Cons:  You have to place your phone or Internet modem within 2 feet of this device, and even closer is better–we set the Internet modem right on top of the booster for the best effect.  This device only boosts the signal for cell phones; we would have to purchase a separate device to boost a wifi signal, which is frequently needed in RV campgrounds that have weak wifi.  And of course there must be at least some cell phone signal to boost.  There have been many campgrounds where we are simply too far from civilization to get any signal.

CyberPower CPS150BU Inverter

Description:  When our RV is not connected to electricity and our generator is not running, our only source of power is the RV’s 12-volt battery bank, which has two 12-volt deep cycle batteries.  The battery bank powers the RV’s lights and  bathroom and kitchen fans.  But it won’t power any of the electronic gadgets mentioned in this article.  They all require normal 110V AC.  An inverter converts 12V DC into 110V AC to run all our electronic gadgets.

Pros:  It works, sorta.

Cons:  The inverter has a fan to keep it cool, and it’s typically the loudest thing we can hear in our RV even when we hide the inverter under a table.  Also, even though the inverter is rated to power our laptops, it doesn’t work when the laptop is running, so we can only use the inverter to recharge our laptops when they are off.  We may end up buying another brand inverter.

Brother HL-5370DW Laser Printer

Description:  We weren’t sure we’d bring a printer on our trip, given how much space printers consume, but we are sure glad we did.  We’ve printed hundreds of essential pages so far, including receipts, maps, trail guides, brochures, insurance documents, real estate contracts, etc. (Note that the image above shows the dual tray printer, however we own the smaller single tray version.)

Pros:  This printer is relatively small, quite fast (over 20 pages/minute), prints on both sides of the paper automatically, and has a large feeder bin (500 pages).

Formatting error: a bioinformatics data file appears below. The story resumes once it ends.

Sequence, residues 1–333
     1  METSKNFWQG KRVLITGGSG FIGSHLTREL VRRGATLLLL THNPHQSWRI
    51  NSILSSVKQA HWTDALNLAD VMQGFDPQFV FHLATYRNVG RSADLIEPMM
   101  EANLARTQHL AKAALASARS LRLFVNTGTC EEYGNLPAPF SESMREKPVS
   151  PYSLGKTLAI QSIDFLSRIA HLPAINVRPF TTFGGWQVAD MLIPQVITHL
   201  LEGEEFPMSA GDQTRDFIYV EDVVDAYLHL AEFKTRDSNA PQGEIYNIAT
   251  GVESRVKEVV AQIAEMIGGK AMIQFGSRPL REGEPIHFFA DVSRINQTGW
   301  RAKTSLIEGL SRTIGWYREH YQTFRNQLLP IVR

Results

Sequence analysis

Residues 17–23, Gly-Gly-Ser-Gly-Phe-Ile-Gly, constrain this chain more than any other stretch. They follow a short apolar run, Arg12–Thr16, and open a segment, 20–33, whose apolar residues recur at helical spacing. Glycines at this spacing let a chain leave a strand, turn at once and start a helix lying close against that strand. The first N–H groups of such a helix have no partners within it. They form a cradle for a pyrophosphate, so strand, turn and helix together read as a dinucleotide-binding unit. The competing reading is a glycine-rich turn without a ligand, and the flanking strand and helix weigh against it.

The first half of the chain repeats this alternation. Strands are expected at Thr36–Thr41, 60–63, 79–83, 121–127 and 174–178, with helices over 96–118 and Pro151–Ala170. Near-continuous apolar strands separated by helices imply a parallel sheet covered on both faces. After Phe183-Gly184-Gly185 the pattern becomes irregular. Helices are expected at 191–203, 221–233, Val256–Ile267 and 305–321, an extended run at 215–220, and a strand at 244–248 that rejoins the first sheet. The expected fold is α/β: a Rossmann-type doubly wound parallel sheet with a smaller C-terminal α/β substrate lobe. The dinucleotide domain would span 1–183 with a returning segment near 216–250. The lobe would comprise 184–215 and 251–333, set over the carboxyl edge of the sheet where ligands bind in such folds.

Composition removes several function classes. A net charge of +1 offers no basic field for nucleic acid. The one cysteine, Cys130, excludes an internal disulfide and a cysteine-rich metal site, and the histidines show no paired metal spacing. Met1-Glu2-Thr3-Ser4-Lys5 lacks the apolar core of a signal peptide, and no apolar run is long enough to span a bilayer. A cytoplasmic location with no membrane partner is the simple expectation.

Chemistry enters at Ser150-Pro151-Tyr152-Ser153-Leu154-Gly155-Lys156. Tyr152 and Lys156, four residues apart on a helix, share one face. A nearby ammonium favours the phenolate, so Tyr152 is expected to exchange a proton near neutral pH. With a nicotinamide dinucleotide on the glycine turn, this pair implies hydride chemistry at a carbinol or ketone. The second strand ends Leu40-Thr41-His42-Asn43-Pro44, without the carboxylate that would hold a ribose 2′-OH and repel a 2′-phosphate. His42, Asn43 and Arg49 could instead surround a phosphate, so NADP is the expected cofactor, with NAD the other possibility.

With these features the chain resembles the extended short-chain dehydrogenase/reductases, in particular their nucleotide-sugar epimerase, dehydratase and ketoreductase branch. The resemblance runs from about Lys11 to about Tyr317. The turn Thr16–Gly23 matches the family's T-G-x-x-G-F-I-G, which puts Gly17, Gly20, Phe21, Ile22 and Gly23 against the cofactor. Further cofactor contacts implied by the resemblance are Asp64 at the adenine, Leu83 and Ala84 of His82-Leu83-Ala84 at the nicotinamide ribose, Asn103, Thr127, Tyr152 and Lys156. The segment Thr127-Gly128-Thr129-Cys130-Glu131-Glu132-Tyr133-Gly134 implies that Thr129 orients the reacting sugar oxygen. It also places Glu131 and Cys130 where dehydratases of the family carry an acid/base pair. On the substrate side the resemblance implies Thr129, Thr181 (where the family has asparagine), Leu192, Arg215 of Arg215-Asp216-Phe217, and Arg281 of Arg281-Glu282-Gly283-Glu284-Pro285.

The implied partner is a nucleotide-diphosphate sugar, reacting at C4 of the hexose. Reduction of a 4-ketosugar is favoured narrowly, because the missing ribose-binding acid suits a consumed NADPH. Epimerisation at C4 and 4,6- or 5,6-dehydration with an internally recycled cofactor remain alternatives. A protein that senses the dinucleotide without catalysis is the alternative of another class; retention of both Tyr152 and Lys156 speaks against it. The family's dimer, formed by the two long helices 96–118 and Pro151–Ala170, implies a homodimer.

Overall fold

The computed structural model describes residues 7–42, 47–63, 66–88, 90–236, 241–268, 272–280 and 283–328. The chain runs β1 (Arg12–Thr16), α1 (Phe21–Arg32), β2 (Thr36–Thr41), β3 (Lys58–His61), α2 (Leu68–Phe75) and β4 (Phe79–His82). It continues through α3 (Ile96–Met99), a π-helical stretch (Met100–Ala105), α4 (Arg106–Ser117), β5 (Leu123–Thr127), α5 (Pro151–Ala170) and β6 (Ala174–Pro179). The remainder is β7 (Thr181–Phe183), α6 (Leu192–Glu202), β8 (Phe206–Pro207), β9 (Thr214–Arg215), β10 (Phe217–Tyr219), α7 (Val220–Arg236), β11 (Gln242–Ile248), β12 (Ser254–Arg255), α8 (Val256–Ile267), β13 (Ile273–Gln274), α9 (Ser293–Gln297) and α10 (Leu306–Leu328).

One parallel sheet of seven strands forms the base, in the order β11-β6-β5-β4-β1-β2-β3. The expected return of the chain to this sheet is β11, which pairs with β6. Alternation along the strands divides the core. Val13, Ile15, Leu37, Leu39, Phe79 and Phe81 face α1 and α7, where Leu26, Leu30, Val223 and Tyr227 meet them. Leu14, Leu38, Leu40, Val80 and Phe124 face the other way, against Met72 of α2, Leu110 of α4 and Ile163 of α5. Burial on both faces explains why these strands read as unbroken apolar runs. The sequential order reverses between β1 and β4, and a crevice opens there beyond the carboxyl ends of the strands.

Cons:  It doesn’t print color, though there is a more expensive model that does.  But there hasn’t been enough times that we really wished we had color to justify the extra expense.  This printer also doesn’t work with the iPhone and iPad, though we blame Apple for its very limited support of printer models.

NetGear RND2210-100NAS Network Accessible Storage

Description:  Network Accessible Storage (NAS) is essentially a high-capacity hard drive connected directly to the network.  So unlike a PC server, a NAS doesn’t require all the maintenance and space required by a separate computer.  We use the NAS to store all of our photos, music, shared files, and backups of our laptop computers.

Pros:  This NAS is high-capacity (1 TB or 1000 GB).  It’s mirrored, i.e., it automatically backs up our data to a second 1 GB hard drive.  And the unit itself is quite small, about the size of a half loaf of bread.

Cons:  Setting up drive shares and security is a little complicated and doesn’t always work as expected.

TP-Link TL-R860 8-Port Router

Description:  Without going into a technical discussion, we need a wired network so we can use the printer and NAS.  Basically our wireless 3G Internet card can’t service these devices, so instead of trying to set up a second wireless network, it’s easier just to plug in a cable when we need to print or work with files on the NAS.

Pros:  Works great, was relatively inexpensive.

Cons:  None.

So as you can see, for a trip to nature we use a lot of modern technology.  In a future article, I will discuss the software and apps that make travel much easier.